Scientists in Africa Use Gene Editing to Protect Crops from Local Threats

Feb 02, 2024

In a race against a devastating parasite, African researchers are pioneering using CRISPR to improve local crops. Led by scientists like Steven Runo of Kenya, these efforts tackle challenges like witchweed infestations in sorghum and lethal diseases in maize, with promising results.

Sorghum, a staple food and versatile crop, suffers greatly from Striga, a parasitic weed siphoning off nutrients and crippling yields. Runo's team, though not the first to field-test gene-edited crops in Africa, is working on sorghum resistant to this threat. Their CRISPR-edited variety mimics natural mutations in resilient wild strains, offering hope for future field trials.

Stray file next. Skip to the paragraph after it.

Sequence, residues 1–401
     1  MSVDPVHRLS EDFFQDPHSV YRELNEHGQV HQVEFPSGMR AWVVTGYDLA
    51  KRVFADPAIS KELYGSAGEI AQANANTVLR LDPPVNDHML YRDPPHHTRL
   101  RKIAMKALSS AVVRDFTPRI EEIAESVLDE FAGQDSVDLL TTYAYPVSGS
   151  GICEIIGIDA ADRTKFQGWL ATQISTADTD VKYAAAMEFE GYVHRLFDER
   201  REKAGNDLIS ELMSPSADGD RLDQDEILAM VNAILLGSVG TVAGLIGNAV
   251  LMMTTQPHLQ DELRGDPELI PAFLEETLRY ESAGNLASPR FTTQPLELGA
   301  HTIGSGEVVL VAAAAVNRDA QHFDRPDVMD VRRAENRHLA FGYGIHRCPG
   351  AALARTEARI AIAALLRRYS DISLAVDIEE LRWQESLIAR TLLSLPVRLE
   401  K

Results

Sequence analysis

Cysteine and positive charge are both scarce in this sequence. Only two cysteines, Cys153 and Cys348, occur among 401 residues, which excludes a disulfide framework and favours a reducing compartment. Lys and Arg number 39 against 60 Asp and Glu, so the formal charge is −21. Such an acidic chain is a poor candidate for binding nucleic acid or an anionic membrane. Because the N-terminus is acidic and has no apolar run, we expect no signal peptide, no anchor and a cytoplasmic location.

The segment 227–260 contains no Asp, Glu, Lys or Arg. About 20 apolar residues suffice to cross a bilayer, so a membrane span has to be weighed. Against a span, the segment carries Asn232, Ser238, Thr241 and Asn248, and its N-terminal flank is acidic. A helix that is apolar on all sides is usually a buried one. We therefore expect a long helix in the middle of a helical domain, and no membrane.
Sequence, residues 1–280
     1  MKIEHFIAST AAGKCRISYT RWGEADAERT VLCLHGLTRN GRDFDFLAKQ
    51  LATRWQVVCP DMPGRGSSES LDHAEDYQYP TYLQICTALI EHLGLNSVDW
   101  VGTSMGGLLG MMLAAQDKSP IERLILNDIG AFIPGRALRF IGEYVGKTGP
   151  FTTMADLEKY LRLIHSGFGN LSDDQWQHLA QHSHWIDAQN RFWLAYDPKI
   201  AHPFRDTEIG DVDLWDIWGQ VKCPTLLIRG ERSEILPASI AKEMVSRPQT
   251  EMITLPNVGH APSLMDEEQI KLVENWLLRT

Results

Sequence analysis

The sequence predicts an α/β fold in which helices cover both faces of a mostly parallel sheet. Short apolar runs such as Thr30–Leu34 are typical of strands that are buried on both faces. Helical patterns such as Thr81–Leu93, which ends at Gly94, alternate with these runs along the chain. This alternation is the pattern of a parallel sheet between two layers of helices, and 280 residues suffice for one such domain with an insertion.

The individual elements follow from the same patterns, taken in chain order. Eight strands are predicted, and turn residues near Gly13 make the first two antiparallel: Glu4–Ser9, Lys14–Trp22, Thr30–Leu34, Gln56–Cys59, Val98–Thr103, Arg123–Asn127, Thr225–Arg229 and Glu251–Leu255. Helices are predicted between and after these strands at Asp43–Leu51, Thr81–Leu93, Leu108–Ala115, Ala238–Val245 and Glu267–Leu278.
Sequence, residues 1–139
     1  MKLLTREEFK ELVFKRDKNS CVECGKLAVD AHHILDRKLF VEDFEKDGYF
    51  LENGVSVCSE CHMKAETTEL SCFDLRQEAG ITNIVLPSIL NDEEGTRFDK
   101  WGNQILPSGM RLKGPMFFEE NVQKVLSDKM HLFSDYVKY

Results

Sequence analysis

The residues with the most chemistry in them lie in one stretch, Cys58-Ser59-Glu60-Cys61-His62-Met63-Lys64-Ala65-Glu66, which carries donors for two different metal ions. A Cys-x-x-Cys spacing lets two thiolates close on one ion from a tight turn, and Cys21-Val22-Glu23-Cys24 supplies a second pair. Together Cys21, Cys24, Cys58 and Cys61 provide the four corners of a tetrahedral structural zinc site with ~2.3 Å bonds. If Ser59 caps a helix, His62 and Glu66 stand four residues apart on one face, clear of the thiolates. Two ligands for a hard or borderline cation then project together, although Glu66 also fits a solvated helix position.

The innovation doesn't stop there. Kevin Pixley's team works on various fronts, from tackling maize diseases to making pearl millet flour last longer and boosting groundnut resistance to a cancer-causing fungus. Even livestock benefits, with projects like Dan Carlson's heat- and disease-tolerant cattle edits.

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